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Controlling impurities

Slight impurities (known as ‘traces’ or ‘trace contaminants’) can occur in some products – either because they are naturally present in raw materials, or because they arise during the manufacturing process.

Unilever employees in a laboratory

We want people to have complete trust in our brands. We work hard to keep our products as free from impurities as possible and have strict quality controls on the raw materials and ingredients we use, and in the manufacturing process.

The specifications we set ensure that the level of any impurities in our home and personal care products are as low as is reasonably achievable. This ensures that the amount of any trace contaminants present in our products are safe for people and the environment.

Some of the substances we are most often asked about are phthalates, mercury and 1,4-dioxane.


Phthalates are a family of chemicals that increase the flexibility and durability of plastics. They are commonly used in packaging materials, flooring, cables, luggage, sports equipment and medical devices.

We do not use phthalates in the making of our products, although very small traces, which are well within safety levels, may be present.

In line with our own standards of avoiding phthalates, we do not use Diethyl phthalate (DEP), which is a solvent used to mix fragrance ingredients. Instead, we use other approaches to bring together fragrance ingredients.

We always ensure that any phthalates we use in packaging are below the levels assessed as safe by regulatory authorities.

Mercury compounds

Mercury is a heavy, silvery-white metal that is liquid at room temperature. It has traditionally been used in some countries as a skin lightener. Exposure to high concentrations of certain forms of mercury can lead to allergic reactions, skin irritation or damage to the nervous system.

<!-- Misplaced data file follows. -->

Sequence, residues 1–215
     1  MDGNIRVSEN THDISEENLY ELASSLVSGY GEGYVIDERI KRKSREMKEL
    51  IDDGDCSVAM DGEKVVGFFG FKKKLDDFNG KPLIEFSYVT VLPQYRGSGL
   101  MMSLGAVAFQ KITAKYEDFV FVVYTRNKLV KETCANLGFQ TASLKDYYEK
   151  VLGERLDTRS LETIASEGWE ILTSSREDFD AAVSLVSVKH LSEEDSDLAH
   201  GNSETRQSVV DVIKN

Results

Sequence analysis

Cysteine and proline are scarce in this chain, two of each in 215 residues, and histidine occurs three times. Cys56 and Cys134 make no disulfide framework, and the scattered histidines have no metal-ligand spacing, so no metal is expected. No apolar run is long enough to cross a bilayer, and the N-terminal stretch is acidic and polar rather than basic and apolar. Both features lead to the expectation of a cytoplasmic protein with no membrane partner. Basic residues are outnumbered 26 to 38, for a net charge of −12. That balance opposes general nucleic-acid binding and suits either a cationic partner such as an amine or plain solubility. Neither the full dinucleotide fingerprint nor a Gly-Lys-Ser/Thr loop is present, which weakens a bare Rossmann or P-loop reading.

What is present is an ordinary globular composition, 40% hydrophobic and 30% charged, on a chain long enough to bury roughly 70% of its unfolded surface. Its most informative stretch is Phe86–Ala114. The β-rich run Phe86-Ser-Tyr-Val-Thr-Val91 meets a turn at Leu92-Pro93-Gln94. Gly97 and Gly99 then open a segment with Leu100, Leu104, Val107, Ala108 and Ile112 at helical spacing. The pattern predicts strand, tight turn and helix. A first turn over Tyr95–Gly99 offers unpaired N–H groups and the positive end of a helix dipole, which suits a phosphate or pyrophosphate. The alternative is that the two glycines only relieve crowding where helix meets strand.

We do not add mercury compounds to any of our home and personal care products. We strictly control any unavoidable trace levels to be below 1 parts per million in the raw materials we use, such as talc. This is below the levels that are assessed as safe by regulatory authorities.

We support activities by the wider industry and regulatory authorities to reduce or prohibit the intentional use of mercury compounds in home and personal care products.


Home and personal care products can contain tiny quantities of a compound called 1,4-dioxane, which can form during manufacturing. Trace amounts of 1,4-dioxane also occur naturally in foods such as tomatoes, coffee and cooked chicken.

Regulators, including the Food and Drug Administration (FDA), the US agency responsible for safety in US food and drugs, have determined that the levels of 1,4 dioxane found in personal care products are not a risk to health. However, at high levels of exposure 1,4-dioxane is a possible human carcinogen and we therefore take care to minimise its levels by imposing stringent controls in the manufacturing process.

We ensure levels of 1,4 dioxane in our home and personal care products are well within safe parameters. For many years we have imposed a limit of 10 parts per million for our personal care products and 30 parts per million for our home care products. The levels reflect the different ingredients and product types.

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